From the above citations, one may find it logical to infer that the orderly, well designed and accurately crafted laws of nature leading to the formation of the universes and lives have an underlying purpose, obviously of the creator who is called God. Let us now take our discussion to the next level – the purpose of the creation.
Does creation and life have a purpose?
Why am I here and what is life for? what is my purpose in life? Am I of any value? Those are the refrains of a questioning mind.
To put it clearly, do I have time to discover why I was born before I die? Why do I have to know this answer? Because I am unable to believe creation was only an accident, and if it wasn’t one, it must have some meaning. Is there any meaning in my life that will not be annihilated by the inevitability of death which awaits me? All these fundamental questions are answered by Jesus.
Given a Creator, I believe that there has been an intelligent purpose to the entire creation. What is that purpose? Christians know that all humans were created to live in a loving relationship with God. He did not need us, but we need Him. Without the relationship with God there will always be a hunger, an emptiness, a feeling that something is missing.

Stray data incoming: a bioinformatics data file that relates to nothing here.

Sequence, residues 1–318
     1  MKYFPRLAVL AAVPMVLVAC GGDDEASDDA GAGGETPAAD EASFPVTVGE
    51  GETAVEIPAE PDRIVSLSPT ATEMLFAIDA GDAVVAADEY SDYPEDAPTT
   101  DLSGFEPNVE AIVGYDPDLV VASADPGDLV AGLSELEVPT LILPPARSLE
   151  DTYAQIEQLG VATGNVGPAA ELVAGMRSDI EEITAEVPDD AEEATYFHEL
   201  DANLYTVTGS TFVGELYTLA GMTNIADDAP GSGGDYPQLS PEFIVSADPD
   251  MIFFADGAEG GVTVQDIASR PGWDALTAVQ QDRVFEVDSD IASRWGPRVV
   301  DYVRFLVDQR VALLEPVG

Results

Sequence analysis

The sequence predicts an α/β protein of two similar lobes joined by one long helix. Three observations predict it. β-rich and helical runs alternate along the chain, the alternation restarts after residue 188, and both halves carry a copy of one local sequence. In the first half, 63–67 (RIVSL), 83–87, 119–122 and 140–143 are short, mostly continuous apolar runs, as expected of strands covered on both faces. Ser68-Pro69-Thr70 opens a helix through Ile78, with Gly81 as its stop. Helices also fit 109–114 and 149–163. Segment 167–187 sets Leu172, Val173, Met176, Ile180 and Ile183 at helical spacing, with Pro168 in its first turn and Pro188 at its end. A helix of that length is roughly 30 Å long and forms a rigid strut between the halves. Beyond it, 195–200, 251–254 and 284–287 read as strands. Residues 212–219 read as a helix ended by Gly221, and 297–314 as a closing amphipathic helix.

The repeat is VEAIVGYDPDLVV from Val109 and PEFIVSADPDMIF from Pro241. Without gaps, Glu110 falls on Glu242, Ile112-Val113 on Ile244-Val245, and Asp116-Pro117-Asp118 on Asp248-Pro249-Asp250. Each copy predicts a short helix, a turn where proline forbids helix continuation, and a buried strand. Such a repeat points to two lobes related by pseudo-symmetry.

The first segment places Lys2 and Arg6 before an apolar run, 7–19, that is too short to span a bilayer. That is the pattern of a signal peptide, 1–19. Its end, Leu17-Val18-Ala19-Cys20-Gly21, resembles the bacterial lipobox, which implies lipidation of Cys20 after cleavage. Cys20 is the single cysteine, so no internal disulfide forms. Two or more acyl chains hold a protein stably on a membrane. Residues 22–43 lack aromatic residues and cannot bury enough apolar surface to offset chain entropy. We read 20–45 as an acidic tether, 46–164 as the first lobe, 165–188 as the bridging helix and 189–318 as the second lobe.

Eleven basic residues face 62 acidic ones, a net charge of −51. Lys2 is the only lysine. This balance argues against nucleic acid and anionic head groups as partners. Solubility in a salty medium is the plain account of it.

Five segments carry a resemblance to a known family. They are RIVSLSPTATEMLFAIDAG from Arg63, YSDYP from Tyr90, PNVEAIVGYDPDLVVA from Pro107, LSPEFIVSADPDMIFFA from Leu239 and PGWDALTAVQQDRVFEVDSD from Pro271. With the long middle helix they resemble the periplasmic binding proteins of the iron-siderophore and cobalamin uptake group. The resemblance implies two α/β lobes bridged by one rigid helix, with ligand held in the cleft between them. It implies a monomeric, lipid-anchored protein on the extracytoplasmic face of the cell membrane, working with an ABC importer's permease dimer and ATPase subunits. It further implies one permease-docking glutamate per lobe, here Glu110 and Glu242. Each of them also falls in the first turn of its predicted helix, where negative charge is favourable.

Sometime people say that it does not matter what you believe as long as you are sincere. But it is possible to be sincerely wrong. Adolf Hitler believed he was right and killed millions of people, as did Pol Pot in Cambodia. One’s belief affects one’s behaviour. Thus it matters a great deal what we believe, because that dictates how we shall live.
Jesus said “ I am the way, the TRUTH and the life. He who believes in Me shall not perish, but have everlasting life”
The proof that Jesus existed?
Jesus was a historical person. There are contemporary writings which mentioned Him. The Jewish historian Josephus born in AD 35 mentions Jesus as a wise man and his followers as coming from both Jews and Gentiles. Two Romans, Tacitus and Suetonius have mentioned him in their writings.